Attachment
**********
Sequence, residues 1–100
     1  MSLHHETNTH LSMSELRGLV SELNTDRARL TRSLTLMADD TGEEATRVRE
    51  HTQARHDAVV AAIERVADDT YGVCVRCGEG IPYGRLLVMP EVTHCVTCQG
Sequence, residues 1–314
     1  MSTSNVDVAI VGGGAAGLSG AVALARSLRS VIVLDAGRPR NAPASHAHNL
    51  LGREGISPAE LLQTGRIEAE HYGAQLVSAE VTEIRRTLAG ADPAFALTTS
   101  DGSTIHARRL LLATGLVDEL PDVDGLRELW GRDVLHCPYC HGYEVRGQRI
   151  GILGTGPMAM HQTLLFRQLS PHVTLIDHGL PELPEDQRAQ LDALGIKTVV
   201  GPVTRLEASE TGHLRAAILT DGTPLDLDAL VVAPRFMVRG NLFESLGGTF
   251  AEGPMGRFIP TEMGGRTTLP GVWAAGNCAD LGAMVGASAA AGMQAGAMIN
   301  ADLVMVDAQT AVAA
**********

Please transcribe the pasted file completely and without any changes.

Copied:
Sequence, residues 1–100
     1  MSLHHETNTH LSMSELRGLV SELNTDRARL TRSLTLMADD TGEEATRVRE
    51  HTQARHDAVV AAIERVADDT YGVCVRCGEG IPYGRLLVMP EVTHCVTCQG
Sequence, residues 1–314
     1  MSTSNVDVAI VGGGAAGLSG AVALARSLRS VIVLDAGRPR NAPASHAHNL
    51  LGREGISPAE LLQTGRIEAE HYGAQLVSAE VTEIRRTLAG ADPAFALTTS
   101  DGSTIHARRL LLATGLVDEL PDVDGLRELW GRDVLHCPYC HGYEVRGQRI
   151  GILGTGPMAM HQTLLFRQLS PHVTLIDHGL PELPEDQRAQ LDALGIKTVV
   201  GPVTRLEASE TGHLRAAILT DGTPLDLDAL VVAPRFMVRG NLFESLGGTF
   251  AEGPMGRFIP TEMGGRTTLP GVWAAGNCAD LGAMVGASAA AGMQAGAMIN
   301  ADLVMVDAQT AVAA